- You never own the software – that’s right, you are paying a monthly subscription fee and you will never own the software license.
- You have no control over pricing – if Adobe decides to charge more for the Creative Cloud, you will be forced to pay more.
- You cannot sell the software – since you don’t own it, you cannot sell it. In the past, if you bought Photoshop and decided to get rid of it, you could transfer your license to another person and recover your investment, at least partially.
- You lose access when you don’t pay – everyone goes through tough times. If for some reason you cannot pay for the software, you will lose access to it.
- It is expensive – for many, $20 per month for Photoshop by itself might not sound like too much. But that’s $240 in annual fees. For a person who already owns Photoshop and paid for a boxed version, this is more expensive than paying only $150-200 for an upgrade every two to three years. If you choose to get a complete set for $50, it requires an annual commitment; otherwise, the pricing goes up to $75 per month. Students and teachers pay more now, with $20 per month for the suite and annual commitment (there is no option for “per semester pricing”). Everyone on the Internet seems to be doing math based on retail box versions of Adobe products, plus upgrade fees. When was the last time you paid full price for a software product? Deals like these happen all the time, so it is not like most people pay the full price to start with. So please do not take into account new software license and upgrade fees. I have been a Photoshop user for over 10 years now and I only paid for it once. I upgraded it two or three times and at one point went from CS2 to CS5. I was never forced to upgrade and did it only when I was interested in the new version and features. Thus, for many like me, the new $20 per month subscription is much more expensive compared to a single $150-200 upgrade fee every 2-3 years.
- Pricing is outrageous for several products – licensing one individual software package is $20 per month. If I want to use Photoshop and Illustrator, I have to pay $40 per month for both. Add Acrobat and all of a sudden I am at $60 per month. It would be cheaper to get the whole suite with the software I will never use for $50. Basically, Adobe gives you two choices – pay for one package at $20, or pay for the whole thing at $50. Everything else makes no sense.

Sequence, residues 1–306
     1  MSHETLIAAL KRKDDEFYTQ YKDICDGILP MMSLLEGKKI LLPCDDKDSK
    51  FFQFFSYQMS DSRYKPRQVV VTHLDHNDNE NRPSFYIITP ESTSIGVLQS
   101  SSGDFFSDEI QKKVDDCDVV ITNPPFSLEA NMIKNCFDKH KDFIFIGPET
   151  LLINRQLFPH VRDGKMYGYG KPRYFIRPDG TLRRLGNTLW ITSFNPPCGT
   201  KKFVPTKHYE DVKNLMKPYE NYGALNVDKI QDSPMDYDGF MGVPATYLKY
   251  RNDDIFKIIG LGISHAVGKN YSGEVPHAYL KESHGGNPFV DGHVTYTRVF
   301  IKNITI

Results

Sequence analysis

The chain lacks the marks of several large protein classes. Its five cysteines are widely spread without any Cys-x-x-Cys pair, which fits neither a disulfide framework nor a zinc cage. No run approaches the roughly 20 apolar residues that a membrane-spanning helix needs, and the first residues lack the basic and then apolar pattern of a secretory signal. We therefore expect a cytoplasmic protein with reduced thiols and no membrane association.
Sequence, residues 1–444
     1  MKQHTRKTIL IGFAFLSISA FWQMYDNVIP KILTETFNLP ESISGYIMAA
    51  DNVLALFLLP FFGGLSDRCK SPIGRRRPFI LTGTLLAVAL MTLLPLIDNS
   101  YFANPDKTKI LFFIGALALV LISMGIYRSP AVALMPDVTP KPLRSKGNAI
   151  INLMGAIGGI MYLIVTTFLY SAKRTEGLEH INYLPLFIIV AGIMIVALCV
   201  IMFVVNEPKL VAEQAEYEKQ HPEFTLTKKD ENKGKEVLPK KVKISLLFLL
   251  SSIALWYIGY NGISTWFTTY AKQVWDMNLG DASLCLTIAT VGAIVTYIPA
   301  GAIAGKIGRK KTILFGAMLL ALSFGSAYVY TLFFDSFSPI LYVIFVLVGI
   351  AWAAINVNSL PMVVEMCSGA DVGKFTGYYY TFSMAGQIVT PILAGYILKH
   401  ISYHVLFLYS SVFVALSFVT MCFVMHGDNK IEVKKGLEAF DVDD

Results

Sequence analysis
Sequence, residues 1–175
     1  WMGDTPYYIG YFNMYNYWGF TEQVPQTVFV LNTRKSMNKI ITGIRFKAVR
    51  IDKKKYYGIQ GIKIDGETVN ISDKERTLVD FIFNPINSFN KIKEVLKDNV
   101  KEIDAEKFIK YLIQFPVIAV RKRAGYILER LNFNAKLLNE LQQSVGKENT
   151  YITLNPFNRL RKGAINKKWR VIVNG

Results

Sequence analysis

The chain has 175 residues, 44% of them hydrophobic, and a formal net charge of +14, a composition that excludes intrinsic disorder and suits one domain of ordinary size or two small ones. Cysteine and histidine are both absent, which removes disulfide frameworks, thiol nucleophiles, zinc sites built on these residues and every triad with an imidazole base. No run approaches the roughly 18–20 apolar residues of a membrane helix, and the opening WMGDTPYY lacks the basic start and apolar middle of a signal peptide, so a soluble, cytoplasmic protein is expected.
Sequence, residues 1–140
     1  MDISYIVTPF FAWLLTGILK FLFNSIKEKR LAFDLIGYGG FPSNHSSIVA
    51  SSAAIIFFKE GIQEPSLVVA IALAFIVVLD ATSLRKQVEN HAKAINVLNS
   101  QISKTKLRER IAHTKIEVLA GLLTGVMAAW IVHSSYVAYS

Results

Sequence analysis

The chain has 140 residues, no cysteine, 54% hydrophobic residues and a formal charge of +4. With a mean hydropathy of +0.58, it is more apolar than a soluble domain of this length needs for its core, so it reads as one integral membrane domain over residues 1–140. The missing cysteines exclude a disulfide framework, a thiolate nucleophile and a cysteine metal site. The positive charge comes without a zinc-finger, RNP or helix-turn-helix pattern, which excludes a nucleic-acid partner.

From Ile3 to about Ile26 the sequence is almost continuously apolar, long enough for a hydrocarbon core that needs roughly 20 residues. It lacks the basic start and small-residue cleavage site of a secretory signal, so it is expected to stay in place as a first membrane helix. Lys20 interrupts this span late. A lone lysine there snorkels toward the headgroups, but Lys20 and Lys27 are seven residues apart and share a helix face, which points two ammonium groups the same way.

- Adobe Creative Cloud requires high speed Internet – first, you have to be able to download gigabytes of data over the Internet. I feel sorry for anyone that is on slow networks, especially abroad. Second, you must periodically download large updates when they are available. You will need a lot of patience if you are on satellite, slower DSL, etc.
- You lose access to proprietary Adobe files if you stop your subscription – Adobe has many proprietary file formats like PSD, AI, EPS, PPJ, etc. that can only be effectively opened with Adobe products. Once you lose access to Creative Cloud, you will either have to revert back to an older version of Creative Suite (if you own it) or use some other third party tool to open it.
I am sure I am missing other problems, but this is a quick summary of what came to my mind as I was writing this article. With so many problems, why do Adobe executives think that going to the “cloud” would be a good idea for everyone?
What Adobe Should Have Done
I have been in Information Technology for more than 15 years. I have been through enterprise-wide ERP software implementations, bought and used software and even participated and contributed to large scale software development. Adobe should have learned from other software companies on how to handle its product pricing and strategy before making its Creative Cloud jump. When it comes to software, many companies today offer both packaged and SaaS versions, letting the customer choose what works for their needs. And for many software packages, there is an option to move back from the cloud to a local environment – again, it is all about giving customers choice. But what Adobe has done is what some people referred as “extortion” – a forced migration to future upgrades, limited pricing choices and questionable future. In a software world, this sort of move could bring a company down. Heck, even Microsoft commented on Adobe’s stupid decision to move to the subscription model as “premature”.
What Adobe should have done, is give its customer two options – a boxed version with an upgrade path, essentially continuing the Creative Suite line, and a choice to go to the cloud. People that would benefit from collaboration and other benefits of the cloud would choose a subscription model, while everyone else would stay happy with their “owned” copies of the software.